If all gas flow through the turbine were directed to the low pressure line 30, the heat exchanger size and first stage compressor size would be excessive due to the high specific volume of helium at low pressure. To avoid such large system components, it is known to operate the expanders at high pressure and provide a medium pressure return from the expanders parallel to the low pressure return from the liquifying tank 24. Such systems also allow for the limited pressure ratios across turboexpanders.
With the present system, an additional stage of refrigeration is advantageously positioned to provide for both high efficiency expansion and high efficiency compression. Where, as in prior systems, only low pressure gas from the liquid tank 24 is directed to the first compressor stage, the throughput of that stage, and thus its power input, is very small relative to successive compressor stages. But for maximum efficiency in the compressor section, each compressor stage should have about the same power input. To make the power inputs to the several compressor stages more equal, in the present system helium gas is directed from the medium pressure line 40 through turboexpander T3 to the low pressure line 30. This increases the throughput of the first compressor stage and thus increases its power requirements for a given compression ratio. The result is more equalized power inputs to the several compressor stages.
The placement of the turboexpander between medium and low pressure lines also allows for very efficient refrigeration. For helium at a given temperature level, the work that an expander develops is greater at lower pressure levels. This is due to the fact that, for helium, the enthalpy difference is greater at low pressures. With the present system the third stage of refrigeration is placed between medium and low pressure lines in the system and thus results in most efficient refrigeration.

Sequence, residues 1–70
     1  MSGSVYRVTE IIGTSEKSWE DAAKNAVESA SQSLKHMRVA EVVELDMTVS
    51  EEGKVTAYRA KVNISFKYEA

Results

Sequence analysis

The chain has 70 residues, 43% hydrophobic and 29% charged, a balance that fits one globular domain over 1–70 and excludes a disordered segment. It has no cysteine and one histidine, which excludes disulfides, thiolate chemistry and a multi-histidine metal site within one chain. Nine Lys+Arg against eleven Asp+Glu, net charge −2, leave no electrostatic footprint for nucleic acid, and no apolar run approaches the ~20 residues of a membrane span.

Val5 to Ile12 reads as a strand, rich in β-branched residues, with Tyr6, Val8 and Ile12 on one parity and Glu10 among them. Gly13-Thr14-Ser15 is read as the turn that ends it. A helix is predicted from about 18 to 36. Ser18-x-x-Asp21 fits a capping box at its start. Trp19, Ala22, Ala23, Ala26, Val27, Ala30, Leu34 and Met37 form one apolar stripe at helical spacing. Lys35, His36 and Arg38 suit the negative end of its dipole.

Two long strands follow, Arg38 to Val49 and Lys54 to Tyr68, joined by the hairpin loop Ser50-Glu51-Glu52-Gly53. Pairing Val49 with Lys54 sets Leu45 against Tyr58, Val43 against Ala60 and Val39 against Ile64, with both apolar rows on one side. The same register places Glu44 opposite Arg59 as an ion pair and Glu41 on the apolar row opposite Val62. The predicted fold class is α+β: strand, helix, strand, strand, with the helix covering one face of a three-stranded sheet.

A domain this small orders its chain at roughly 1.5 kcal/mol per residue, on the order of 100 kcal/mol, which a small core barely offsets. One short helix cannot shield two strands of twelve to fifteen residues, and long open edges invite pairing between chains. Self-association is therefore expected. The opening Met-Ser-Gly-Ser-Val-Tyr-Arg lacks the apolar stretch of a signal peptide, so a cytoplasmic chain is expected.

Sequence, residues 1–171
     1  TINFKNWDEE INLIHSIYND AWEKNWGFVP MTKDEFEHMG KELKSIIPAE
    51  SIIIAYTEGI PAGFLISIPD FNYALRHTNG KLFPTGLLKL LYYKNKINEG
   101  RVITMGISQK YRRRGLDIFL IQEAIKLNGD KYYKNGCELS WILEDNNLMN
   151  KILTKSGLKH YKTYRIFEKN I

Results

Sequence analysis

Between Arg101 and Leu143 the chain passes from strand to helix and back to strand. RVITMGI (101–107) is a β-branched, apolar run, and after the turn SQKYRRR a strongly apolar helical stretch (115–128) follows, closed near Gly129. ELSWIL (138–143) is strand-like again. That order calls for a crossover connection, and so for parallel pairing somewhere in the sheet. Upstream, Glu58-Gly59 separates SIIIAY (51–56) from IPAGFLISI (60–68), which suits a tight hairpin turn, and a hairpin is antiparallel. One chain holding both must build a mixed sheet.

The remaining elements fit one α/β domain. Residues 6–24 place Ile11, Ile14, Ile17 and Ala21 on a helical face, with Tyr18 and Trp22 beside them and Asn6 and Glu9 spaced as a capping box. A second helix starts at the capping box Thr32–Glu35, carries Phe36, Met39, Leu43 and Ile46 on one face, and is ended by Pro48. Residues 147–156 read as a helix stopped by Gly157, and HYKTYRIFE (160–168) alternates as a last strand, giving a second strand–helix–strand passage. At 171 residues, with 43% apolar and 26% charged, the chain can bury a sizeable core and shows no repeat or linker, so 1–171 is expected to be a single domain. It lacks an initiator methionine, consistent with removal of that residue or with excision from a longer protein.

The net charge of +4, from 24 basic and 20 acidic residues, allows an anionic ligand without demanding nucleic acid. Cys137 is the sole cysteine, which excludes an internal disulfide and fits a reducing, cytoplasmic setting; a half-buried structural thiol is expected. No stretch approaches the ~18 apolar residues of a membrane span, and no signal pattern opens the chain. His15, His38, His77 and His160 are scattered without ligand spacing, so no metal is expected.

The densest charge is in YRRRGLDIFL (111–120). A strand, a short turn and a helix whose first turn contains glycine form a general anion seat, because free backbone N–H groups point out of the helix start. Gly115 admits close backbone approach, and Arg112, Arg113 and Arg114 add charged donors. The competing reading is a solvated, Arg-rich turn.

It should be noted from FIG. 2 that the work input to the first stage compressor is near to but not as high as the input to the second and third stages. With the volumetric flow through the first compressor stage within reasonable limits, the power input can be increased by increasing the compression ratio across that stage. That compression ratio is limited, however, by the maximum expansion ratio of the turbine T3. Thus, the specific design of FIG. 2 provides for volumetric flow in the low pressure line which is suitable for the first stage compressor hardware, and it equalizes power input to the compressor stages to the extent possible given the limited expansion ratio of the turboexpander.
While the invention has been particularly shown and described with reference to a preferred embodiment thereof, it will be understood by those skilled in the art that various changes in form and details may be made therein without departing from the spirit and scope of the invention as defined by the appended claims.
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|U.S. Classification||62/86, 62/608, 62/402|
|Cooperative Classification||F25J1/0037, F25J1/0042, F25J2220/02, F25J1/0202, F25J1/004, F25J1/0294, F25J2270/06, F25J1/0007|
|European Classification||F25J1/02Z6N, F25J1/02A2, F25J1/00A2H, F25J1/00C2E2, F25J1/00C2F, F25J1/00C2L, F25J1/00|
|Jul 30, 1981||AS||Assignment|
Owner name: FIRST NATIONAL BANK OF BOSTON, AS AGENT
Free format text: CONDITIONAL ASSIGNMENT;ASSIGNOR:HELIX TECHNOLOGY CORPORATION;REEL/FRAME:003885/0445
Effective date: 19810219
|Nov 23, 1981||AS||Assignment|
Owner name: KOCH PROCESS SYSTEMS, INC. A CORP. OF DE
Free format text: CONDITIONAL ASSIGNMENT;ASSIGNORS:HELIX TECHNOLOGY CORPORATION, A DE CORP.;FIRST NATIONAL BANK OF BOSTON THE, A NATIONAL BANKING ASSOC.;REEL/FRAME:003944/0504
Effective date: 19810610
|Feb 9, 1984||AS||Assignment|
Owner name: HELIX TECHNOLOGY CORPORATION, A CORP OF DE
Free format text: ASSIGNMENT OF ASSIGNORS INTEREST.;ASSIGNOR:FIRST NATIONAL BANK OF BOSTON THE, AS AGENT;REEL/FRAME:004225/0814
Effective date: 19831009
|May 11, 1992||AS||Assignment|
Owner name: PROCESS SYSTEMS INTERNATIONAL, INC. A CORP. OF
Free format text: ASSIGNMENT OF ASSIGNORS INTEREST.;ASSIGNOR:KOCH PROCESS SYSTEMS, INC. A CORP. OF DELAWARE;REEL/FRAME:006109/0272
Effective date: 19910830
|Dec 12, 1994||AS||Assignment|
Owner name: NATIONAL CITY BANK, OHIO
Free format text: SECURITY INTEREST;ASSIGNOR:PROCESS SYSTEMS INTERNATIONAL, INC.;REEL/FRAME:007327/0231
Effective date: 19941202
Owner name: NBD BANK, N.A., MICHIGAN
Free format text: SECURITY INTEREST;ASSIGNOR:PROCESS SYSTEMS INTERNATIONAL, INC.;REEL/FRAME:007327/0231
Effective date: 19941202